The pleadings of the “Goddess of Liberty” are set off against the threatened mutiny by pitting two groups of instruments against one another at two different tempos (Ex. 5-15). They are calibrated in a proportion of 4:3, so that a half note at the new tempo, articulated by the piano and snare drum together halfway through m. 68, equals a dotted quarter of the Andante animato established in m. 65. The relationship of the two speeds is made particularly clear by giving the piano and drum the same familiar parade march rhythm (known as the “street cadence”) that the orchestral basses have already been playing at the old tempo, so that the effect is one of two superimposed marches.

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ex. 5-15 Charles Ives, “Putnam’s Camp,” (Three Places in New England, II), fig. H

Irritated by a critic’s remark that the full-orchestra rhythm at m. 124 (Ex. 5-16) had been borrowed from Stravinsky (most likely the “Sacred Dance” from The Rite of Spring, which the notation in sixteenth notes offset by rests superficially resembles), Ives went out of his way to explain his technical procedure, somewhat elliptically, in the Memos. In reality, he points out, the measure simply brings back the rhythm of the faster group from the middle section (he calls it the “piano-drum part”), notated in terms of the prevailing beat—an effect that looks strange on paper, owing to the unusual subdivision of the beat, but that is easily performed:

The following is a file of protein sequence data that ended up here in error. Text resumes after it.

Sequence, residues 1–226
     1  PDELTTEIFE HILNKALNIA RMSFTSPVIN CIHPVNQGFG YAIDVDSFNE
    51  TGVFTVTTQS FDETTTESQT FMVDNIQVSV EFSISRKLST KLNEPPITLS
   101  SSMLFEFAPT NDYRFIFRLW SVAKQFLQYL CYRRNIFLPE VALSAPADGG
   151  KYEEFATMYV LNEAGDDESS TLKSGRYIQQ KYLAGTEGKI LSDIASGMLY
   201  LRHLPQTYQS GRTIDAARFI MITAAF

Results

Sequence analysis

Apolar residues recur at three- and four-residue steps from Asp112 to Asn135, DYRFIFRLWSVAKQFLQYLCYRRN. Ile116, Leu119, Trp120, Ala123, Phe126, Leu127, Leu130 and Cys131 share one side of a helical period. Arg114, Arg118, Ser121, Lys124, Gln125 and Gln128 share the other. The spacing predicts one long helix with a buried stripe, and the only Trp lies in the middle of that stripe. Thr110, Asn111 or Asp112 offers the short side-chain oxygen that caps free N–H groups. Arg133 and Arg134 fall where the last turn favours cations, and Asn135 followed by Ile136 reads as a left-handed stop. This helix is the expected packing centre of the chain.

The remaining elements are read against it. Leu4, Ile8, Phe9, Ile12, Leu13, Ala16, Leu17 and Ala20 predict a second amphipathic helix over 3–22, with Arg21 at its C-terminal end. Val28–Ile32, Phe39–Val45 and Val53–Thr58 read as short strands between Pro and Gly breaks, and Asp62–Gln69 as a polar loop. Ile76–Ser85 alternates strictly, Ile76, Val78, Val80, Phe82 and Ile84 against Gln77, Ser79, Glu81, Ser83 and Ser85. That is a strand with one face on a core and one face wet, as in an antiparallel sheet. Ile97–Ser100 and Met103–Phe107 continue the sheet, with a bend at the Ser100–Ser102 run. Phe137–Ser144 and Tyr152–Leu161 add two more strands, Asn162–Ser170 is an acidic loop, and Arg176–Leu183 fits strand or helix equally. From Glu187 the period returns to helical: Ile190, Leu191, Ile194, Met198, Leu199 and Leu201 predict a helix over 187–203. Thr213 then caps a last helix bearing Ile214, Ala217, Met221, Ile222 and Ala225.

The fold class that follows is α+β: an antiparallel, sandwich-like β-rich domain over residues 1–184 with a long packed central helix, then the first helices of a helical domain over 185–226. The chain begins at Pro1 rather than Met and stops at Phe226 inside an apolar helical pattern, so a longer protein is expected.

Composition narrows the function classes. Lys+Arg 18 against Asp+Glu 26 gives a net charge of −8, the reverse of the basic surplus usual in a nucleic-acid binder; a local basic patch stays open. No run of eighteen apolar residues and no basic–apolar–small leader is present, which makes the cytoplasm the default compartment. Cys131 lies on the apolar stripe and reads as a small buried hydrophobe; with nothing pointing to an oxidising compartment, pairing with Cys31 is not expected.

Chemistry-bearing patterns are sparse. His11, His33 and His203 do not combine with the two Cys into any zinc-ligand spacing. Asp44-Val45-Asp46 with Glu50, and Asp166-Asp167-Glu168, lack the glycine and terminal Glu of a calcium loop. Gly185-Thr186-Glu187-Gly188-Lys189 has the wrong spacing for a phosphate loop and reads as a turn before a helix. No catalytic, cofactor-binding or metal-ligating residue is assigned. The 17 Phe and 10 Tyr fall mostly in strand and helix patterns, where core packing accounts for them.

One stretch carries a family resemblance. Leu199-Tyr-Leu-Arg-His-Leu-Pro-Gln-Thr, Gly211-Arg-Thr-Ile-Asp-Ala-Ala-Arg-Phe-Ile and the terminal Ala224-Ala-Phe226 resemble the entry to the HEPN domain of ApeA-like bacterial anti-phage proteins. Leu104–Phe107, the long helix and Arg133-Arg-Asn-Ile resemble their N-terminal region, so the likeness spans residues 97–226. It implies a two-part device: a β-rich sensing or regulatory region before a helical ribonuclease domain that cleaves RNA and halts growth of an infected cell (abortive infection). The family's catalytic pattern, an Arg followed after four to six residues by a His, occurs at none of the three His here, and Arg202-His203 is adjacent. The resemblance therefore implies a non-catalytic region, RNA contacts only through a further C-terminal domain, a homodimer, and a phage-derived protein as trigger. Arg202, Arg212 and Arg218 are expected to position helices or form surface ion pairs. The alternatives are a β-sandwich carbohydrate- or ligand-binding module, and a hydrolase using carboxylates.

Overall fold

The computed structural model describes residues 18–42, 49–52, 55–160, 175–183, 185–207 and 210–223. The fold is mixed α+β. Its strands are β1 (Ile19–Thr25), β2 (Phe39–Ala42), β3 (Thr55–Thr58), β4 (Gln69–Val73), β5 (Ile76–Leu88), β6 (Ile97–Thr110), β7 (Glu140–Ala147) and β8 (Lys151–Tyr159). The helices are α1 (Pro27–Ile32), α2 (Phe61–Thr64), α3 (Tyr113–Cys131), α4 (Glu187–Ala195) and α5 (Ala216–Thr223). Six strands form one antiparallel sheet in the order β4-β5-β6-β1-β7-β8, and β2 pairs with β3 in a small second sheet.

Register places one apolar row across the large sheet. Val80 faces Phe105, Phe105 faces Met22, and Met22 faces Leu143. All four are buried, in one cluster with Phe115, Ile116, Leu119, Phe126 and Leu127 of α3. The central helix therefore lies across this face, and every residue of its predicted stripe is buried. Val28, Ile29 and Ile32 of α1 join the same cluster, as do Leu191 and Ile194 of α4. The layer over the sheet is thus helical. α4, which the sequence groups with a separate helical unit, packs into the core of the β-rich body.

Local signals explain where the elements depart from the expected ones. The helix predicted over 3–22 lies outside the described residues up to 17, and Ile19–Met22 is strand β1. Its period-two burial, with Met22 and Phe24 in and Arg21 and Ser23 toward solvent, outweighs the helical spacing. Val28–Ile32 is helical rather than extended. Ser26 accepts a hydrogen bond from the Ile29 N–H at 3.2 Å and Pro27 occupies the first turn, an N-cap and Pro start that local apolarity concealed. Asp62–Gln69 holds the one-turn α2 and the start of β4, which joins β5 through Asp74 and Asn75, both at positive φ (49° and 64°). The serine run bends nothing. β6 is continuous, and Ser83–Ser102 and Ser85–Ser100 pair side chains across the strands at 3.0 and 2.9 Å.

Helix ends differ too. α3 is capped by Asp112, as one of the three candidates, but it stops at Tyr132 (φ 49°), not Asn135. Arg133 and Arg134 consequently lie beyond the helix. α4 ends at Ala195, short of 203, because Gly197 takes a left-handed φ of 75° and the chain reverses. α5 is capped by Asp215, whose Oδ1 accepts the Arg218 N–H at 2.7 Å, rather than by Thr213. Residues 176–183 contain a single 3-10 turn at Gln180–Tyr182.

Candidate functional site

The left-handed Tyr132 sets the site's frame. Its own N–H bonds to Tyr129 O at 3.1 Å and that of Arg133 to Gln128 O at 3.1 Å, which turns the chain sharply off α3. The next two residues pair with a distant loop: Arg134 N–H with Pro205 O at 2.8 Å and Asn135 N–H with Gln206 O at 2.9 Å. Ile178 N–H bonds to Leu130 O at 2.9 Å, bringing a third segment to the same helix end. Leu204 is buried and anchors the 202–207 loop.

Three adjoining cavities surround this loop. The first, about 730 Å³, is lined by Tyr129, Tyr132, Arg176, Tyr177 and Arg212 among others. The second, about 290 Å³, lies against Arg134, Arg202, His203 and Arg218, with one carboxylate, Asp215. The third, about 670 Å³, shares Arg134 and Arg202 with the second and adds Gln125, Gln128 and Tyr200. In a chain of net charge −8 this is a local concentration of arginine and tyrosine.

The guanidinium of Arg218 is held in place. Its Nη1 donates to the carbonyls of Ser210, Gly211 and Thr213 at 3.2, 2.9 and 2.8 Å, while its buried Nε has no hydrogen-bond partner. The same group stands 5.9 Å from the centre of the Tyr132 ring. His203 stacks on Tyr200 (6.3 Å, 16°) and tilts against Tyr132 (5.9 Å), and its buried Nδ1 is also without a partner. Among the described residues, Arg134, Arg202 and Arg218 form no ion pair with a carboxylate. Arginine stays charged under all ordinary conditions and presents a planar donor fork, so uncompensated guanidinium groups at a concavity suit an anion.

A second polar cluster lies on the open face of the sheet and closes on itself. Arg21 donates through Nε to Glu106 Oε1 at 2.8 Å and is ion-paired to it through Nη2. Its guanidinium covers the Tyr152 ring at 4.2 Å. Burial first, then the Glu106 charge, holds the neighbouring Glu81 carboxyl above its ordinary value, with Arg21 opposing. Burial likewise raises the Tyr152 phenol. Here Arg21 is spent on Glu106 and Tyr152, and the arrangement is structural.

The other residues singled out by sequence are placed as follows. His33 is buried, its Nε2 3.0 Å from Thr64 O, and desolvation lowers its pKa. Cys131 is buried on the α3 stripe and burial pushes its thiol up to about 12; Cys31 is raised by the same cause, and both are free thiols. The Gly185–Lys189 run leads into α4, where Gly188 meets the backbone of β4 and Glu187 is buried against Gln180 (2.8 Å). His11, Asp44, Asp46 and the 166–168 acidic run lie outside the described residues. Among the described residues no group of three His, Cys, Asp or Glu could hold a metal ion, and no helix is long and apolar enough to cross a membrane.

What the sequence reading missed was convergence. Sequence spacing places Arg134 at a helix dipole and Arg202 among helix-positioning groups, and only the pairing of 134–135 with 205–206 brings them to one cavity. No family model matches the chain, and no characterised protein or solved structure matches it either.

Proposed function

Nostalgia

ex. 5-16 Charles Ives, “Putnam’s Camp,” (Three Places in New England, II), 2 before fig. N

The two rhythms going together (in the piano-drum part) are nothing but a beat or pulse on the first of four 16th-notes, and one on the first of three 16th-notes. Say, if a band is marching at , the next fastest marching (keeping the insert spot unit the same) will be stepping to three 16ths or , and if two bands feel like marching on these accents, Nostalgia

Then, for three 4/4 measures, if the top band stops playing, the second one is playing off-accents. In the third measure, it is simply: Nostalgia

It will be the measure cited above [m. 124]. It doesn’t take much musical intelligence to see that (or to do that, for that matter). In putting these two rhythms together, the 16th-notes don’t have to be struck all the while. They will be played in various phrases, omitted in others. The more they are in, the more variants will occur, etc. I’ll bet 1000 people have thought of this, perhaps played this—yet, because they don’t know what it is, they say it is meaningless [when they see it], or influenced by Orcus from Australia [i.e., Stravinsky]!41